The cat who nips at your hand is similar to the horse who nips at (air bites) your hand, and you can use the same methods to stop the behavior. Keep your hands away from his face; never allow him to play with your hands; and never, ever, physically punish him.
Keep your hands aw0ay from his face. Most horses either like you or are indifferent to you. Since humans value emotional reciprocity, if you like your horse—and most owners do—you want your horse to like you. (Professional trainers don’t care one way or the other.) Most horse lovers are enchanted by a friendly horse who walks up to the fence at your approach and sticks his head between the bars of the arena, the way Gunsmoke is doing in this photo. (If he were taller, he would stick his head over the top bar. He prefers it this way—he can rub his mane out.) He’s begging you to pet me, pet me! Often a horse will move away from you, usually along the fence line, until his butt is right in front of you. Such a horse is asking you to scratch his rump, please.
Horses who literally reach out to you usually want a head rub or scratch, and there’s no reason not to do it—unless your horse is nippy to begin with. Gunsmoke was an unbroke five-year-old stallion when I rescued him. He didn’t understand how to lead or what whoa meant, and he didn’t understand what you wanted when you asked to pick up his leg (just to be on the safe side he kept snatching it back). He was opinionated and always hungry. Gelding him got rid of his testosterone, which made him less aggressive, but he will always be opinionated and eat anything you put in front of him. While John worked with me in the beginning—as a professional trainer he knew more about unbroke, recently-gelded stallions than I do—he was disinclined to use food to reward good behavior. Gunner liked his face rubbed—he still does. In fact he liked physical contact with humans so much that getting brushed after a training session became a reward. It was after John stopped helping me that I got into trouble.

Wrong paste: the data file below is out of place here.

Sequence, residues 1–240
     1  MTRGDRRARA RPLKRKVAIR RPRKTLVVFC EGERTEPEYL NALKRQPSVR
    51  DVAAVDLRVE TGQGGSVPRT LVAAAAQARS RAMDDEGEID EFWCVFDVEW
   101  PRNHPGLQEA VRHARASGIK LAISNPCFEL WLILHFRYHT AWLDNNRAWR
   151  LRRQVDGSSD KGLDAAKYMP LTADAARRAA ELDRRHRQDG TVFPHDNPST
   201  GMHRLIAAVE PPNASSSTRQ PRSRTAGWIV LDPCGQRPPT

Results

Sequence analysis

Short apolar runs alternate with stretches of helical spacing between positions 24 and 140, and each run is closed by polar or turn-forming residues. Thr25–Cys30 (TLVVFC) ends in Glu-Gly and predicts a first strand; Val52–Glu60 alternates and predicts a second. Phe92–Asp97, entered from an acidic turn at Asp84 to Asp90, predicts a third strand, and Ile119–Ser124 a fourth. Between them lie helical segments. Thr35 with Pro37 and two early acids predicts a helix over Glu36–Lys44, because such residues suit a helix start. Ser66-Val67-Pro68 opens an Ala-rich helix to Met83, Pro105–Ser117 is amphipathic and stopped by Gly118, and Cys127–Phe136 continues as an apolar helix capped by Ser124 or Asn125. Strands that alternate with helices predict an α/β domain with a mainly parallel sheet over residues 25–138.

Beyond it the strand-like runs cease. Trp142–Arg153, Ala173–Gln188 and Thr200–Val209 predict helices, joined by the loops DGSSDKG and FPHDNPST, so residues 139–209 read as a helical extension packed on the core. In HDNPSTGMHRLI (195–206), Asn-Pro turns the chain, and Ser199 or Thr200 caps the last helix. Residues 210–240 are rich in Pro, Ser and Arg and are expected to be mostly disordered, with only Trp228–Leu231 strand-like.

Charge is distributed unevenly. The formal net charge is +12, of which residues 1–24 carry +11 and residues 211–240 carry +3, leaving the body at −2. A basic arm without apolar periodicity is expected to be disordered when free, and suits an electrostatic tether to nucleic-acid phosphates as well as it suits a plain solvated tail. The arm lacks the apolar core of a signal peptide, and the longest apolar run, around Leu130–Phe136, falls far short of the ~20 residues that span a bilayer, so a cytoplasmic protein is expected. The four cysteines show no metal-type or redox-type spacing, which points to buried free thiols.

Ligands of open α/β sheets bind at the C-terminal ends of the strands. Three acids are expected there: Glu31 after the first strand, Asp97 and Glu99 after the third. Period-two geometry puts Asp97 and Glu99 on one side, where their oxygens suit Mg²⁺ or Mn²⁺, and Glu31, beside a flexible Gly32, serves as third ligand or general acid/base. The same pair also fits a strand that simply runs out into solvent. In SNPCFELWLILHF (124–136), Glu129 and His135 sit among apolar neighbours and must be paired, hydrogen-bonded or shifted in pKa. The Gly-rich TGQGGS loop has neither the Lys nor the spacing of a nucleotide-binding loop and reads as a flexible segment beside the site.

Whenever I tried to do anything with Gunner—halter him, lead him, sometimes even simply brush him—he would give me air bites. Not hard enough that I could hear his teeth click, but nip and run—in other words, he’d immediately yank his head away. When I complained to John, he said, “Then keep your hands away from his face. When you halter him, stand at his withers and slide the halter up his neck. When you lead him, don’t hold your hand directly under his jaw. When you brush his face, don’t brush his lips, and hold the cheekpiece of his halter with your other hand to keep him from reaching for you.”
Don’t let him play with your hands. Since Gunner was such a friendly horse, I couldn’t break myself of the habit of walking over to rub his face. One day John watched me hold my hand flat against the mesh wire so he could rub his upper lip against my hand. “You’re making it hard for him to do the right thing when you let him play with your hand like that,” he said. Should I have known that from my experience with my nippy orange cat? Of course. Did I apply it to my nippy dun horse? Of course not.
Do not physically punish him. The sad fact is that I was in over my head with Gunsmoke, and for a long time I was too embarrassed to ask John for help again. I was riding him—no problem. My problem was his ground manners. It seemed as though whenever I handled him, he’d try to nip me. One afternoon I lost my temper. Instead of returning him to his corral and calling it a day, I snapped off a dead stick. While I walked beside him, every time he took a swipe at my hand, I “corrected” him by jabbing him in the jaw. In about five minutes I went from having a horse that nipped to one who was seriously trying to bite me.
Was there a way to fix this problem? I didn’t know.